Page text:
Let America Be America Again
By Langston Hughes
Let America be America again.
Let it be the dream it used to be.
Let it be the pioneer on the plain
Seeking a home where he himself is free.
(America never was America to me.)
Let America be the dream the dreamers dreamed—
Let it be that great strong land of love
Where never kings connive nor tyrants scheme
That any man be crushed by one above.
(It never was America to me.)
O, let my land be a land where Liberty
Is crowned with no false patriotic wreath,
But opportunity is real, and life is free,
Equality is in the air we breathe.
(There’s never been equality for me,
Nor freedom in this “homeland of the free.”)
Say, who are you that mumbles in the dark?
And who are you that draws your veil across the stars?
I am the poor white, fooled and pushed apart,
I am the Negro bearing slavery’s scars.
I am the red man driven from the land,
I am the immigrant clutching the hope I seek—
And finding only the same old stupid plan
Of dog eat dog, of mighty crush the weak.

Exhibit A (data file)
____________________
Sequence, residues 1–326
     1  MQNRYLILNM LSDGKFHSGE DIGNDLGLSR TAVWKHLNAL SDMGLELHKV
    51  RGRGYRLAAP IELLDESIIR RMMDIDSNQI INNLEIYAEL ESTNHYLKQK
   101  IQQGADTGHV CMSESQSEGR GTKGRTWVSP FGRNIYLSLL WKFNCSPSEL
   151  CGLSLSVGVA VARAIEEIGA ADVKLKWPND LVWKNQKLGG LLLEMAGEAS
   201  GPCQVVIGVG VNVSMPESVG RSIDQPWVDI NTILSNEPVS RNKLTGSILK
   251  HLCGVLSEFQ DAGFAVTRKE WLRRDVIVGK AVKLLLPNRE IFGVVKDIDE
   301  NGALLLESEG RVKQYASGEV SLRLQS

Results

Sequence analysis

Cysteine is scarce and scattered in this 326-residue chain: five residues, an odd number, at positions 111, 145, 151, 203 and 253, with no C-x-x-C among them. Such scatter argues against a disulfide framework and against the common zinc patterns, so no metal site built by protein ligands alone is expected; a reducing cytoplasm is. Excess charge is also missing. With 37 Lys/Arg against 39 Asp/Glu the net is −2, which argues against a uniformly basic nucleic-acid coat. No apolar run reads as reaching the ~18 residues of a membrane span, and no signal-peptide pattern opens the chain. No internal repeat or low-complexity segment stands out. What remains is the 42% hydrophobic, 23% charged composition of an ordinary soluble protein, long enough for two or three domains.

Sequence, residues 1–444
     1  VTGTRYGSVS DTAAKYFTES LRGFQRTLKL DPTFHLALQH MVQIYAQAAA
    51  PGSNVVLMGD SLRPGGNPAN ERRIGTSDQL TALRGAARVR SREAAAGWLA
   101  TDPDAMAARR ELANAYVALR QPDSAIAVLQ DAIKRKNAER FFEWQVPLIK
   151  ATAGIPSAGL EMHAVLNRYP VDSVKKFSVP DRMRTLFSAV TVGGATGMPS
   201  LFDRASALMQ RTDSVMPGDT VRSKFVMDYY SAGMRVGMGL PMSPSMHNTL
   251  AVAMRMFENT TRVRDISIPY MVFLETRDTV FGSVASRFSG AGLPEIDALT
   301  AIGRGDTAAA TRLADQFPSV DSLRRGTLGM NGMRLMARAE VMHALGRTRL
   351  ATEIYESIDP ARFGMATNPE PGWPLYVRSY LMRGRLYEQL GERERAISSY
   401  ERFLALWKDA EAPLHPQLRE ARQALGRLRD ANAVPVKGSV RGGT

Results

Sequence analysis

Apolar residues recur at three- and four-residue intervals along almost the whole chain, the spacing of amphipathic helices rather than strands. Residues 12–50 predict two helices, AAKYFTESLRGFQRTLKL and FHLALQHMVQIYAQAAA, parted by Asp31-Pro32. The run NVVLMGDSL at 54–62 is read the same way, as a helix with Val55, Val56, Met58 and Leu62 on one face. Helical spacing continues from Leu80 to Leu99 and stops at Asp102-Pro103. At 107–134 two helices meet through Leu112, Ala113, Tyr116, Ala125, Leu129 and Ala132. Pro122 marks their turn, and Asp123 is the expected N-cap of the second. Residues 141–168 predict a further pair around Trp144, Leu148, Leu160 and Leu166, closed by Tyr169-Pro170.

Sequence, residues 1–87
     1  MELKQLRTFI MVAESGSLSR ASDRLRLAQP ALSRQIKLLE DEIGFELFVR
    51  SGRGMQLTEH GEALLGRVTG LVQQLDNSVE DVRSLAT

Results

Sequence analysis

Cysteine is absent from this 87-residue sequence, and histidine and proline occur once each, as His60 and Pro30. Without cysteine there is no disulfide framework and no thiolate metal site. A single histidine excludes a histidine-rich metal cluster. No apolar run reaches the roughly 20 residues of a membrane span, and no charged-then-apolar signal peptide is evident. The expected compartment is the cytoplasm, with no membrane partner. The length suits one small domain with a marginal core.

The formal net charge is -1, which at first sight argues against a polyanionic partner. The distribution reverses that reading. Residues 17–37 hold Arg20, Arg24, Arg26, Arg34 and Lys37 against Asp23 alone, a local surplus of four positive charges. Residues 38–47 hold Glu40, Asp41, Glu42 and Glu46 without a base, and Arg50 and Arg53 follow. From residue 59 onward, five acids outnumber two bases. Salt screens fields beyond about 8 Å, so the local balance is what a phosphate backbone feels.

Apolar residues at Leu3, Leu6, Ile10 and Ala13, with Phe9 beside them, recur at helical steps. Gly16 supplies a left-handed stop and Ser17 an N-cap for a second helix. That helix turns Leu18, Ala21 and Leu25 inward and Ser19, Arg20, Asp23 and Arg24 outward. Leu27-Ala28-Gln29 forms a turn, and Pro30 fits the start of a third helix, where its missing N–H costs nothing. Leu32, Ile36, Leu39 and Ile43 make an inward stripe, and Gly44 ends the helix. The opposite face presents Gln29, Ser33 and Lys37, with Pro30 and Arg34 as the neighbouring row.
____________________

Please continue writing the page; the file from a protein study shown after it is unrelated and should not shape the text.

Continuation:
I am the young man, full of strength and hope,
Tangled in that ancient endless chain
Of profit, power, gain, of grab the land!
Of grab the gold! Of grab the ways of satisfying need!
Of work the men! Of take the pay!
Of owning everything for one’s own greed!
I am the farmer, bondsman to the soil.
I am the worker sold to the machine.
I am the Negro, servant to you all.
I am the people, humble, hungry, mean—
Hungry yet today despite the dream.
Beaten yet today—O, Pioneers!
I am the man who never got ahead,
The poorest worker bartered through the years.
Yet I’m the one who dreamt our basic dream
In the Old World while still a serf of kings,
Who dreamt a dream so strong, so brave, so true,
That even yet its mighty daring sings
In every brick and stone, in every furrow turned
That’s made America the land it has become.